The daughter of Jean-Marie Le Pen, founder of the FN, could gain 23 percent of the votes according to opinion polls. Therefore she would gain the lead from both incumbent president Nicolas Sarkozy and the socialist candidate Marine Aubry (21% each).
Just recently Sarkozy`s governing UMP had to accept a tantalising loss of votes during regional elections, while FN’s gain was considerable in some parts. But does the FN really have good reasons for excessive optimism? Berlin rechtsaußen spoke with Jean-Yves Camus, renownded French political scientist, who has been following the FN and its development for many years.
Do these results seem as surprising to you, as a political scientist, as they are for the public?
They do not surprise me because they are reflecting a very deep political crisis, as the overwhelming majority of French citizens do not trust mainstream parties anymore. Sarkozy’s failure to deliver what he apromised in 2007 on economic and social issues, combined with a few scandals that have tainted the dominant Conservative party UMP, are the main reason for the FN being high in the polls. However, there are still 14 months to go until the first ballot of the presidential election and it is too early to tell what will be the outcome of the vote. Hopefully when the name of the Socialist candidate will be made public in November, provided that the nomination process runs smoothly, the dynamic of the election will switch to the Left.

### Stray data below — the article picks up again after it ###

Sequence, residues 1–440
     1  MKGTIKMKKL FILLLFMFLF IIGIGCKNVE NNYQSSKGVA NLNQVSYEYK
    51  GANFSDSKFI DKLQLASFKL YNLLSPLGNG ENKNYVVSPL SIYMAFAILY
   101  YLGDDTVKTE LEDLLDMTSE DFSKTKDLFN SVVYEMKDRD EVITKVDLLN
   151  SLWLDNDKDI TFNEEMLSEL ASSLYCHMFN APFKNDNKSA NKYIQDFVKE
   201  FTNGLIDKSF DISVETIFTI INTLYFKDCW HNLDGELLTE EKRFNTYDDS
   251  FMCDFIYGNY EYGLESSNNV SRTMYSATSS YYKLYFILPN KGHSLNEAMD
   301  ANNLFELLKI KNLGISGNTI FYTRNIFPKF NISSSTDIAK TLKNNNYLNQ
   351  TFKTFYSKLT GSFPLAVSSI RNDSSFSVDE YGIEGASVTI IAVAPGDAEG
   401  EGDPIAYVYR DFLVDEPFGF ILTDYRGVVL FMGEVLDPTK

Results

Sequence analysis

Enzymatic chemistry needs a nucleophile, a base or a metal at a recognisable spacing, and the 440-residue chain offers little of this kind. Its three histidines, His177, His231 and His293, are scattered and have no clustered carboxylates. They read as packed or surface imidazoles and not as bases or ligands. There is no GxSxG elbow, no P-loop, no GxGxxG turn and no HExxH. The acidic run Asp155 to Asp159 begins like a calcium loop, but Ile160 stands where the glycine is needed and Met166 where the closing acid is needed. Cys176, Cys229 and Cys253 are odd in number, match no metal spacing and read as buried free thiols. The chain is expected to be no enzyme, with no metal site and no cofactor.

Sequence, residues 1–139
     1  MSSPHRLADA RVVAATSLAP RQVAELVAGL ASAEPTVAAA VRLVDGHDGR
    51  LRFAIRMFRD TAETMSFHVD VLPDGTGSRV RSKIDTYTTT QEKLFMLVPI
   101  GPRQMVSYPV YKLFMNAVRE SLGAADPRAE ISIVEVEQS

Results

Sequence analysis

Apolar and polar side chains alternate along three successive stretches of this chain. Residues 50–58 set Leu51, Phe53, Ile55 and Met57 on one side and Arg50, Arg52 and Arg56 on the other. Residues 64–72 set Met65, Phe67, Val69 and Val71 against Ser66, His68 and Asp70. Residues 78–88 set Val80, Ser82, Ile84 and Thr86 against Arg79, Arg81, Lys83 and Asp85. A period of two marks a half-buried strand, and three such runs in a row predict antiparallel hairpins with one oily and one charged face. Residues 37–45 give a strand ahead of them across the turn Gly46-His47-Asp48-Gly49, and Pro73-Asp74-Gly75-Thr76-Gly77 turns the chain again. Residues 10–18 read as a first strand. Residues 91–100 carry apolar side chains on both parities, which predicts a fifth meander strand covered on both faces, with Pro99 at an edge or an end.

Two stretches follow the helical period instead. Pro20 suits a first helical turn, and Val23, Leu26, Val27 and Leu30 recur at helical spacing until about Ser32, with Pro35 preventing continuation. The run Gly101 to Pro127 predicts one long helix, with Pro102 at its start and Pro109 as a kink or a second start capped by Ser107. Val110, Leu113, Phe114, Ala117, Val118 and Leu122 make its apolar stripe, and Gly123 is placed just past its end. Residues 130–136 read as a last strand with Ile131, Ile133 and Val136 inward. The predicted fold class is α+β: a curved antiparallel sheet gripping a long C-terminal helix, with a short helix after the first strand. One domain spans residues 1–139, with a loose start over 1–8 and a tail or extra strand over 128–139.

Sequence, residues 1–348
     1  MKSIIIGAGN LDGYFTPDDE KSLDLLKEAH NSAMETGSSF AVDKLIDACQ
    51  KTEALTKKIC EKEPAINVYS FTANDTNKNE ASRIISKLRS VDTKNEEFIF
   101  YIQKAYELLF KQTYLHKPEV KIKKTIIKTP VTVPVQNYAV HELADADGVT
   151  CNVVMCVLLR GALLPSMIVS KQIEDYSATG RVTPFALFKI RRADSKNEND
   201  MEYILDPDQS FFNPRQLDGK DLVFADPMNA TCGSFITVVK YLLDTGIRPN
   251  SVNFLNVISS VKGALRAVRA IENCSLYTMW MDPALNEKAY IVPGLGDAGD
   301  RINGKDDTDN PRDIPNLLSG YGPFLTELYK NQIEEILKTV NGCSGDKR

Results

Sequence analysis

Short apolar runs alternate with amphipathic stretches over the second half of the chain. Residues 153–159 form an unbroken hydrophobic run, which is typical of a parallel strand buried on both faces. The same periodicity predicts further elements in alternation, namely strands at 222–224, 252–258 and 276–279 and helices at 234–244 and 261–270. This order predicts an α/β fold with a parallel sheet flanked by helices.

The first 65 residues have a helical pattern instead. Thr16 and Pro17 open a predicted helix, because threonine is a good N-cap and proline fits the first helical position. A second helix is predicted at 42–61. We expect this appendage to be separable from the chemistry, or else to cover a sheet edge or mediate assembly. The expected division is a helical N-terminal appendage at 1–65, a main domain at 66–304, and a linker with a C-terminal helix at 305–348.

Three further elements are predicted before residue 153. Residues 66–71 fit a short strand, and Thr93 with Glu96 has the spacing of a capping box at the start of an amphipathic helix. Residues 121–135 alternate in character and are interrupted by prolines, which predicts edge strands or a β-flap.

Marine Le Pen became head of the party only two months ago. In this short time, did she really have such an impact on the party’s developement? Is this all only connected to her person? Or are there other influences becoming invisible by her presence as the „new face“ of the FN?
She ran a very smart media campaign during the internal campaign for the presidency of the party. Her appearances on TV were because of the FN election but in fact, she slowly built an image for herself with the presidential election in sight. She first and foremost succeeded in keeping the unity of FN and started building a new party apparatus that is devoted to making the FN become a mainstream party. The media and many political analysts misunderstood what she stands for: as she is more subtle, more modern and more easy-going than her father, they thought she is a moderate. However, modern and moderate are two very different things. Junge Freiheit is certainly more modern than the Nationalzeitung, but that does not mean it is a moderate weekly. And the Autonome Nationalisten are very modern, but really Radical.
What is new with Marine Le Pen is that, in a March 16 interview with the Italian mainstram Conservative daily Il Giornale, she said her party shares views with the Lega nord and Wilders‘ PVV. She did not mention Forza nuova, the NPD or the FPÖ. That says almost everything about the party’s new course.
The FN had been declared dead several times – often by the right-wing democratic politicians. And then the FN returned stronger than before. Do the politicians make such obvious mistakes in their analysis? What do you consider their main faults analysing the FN?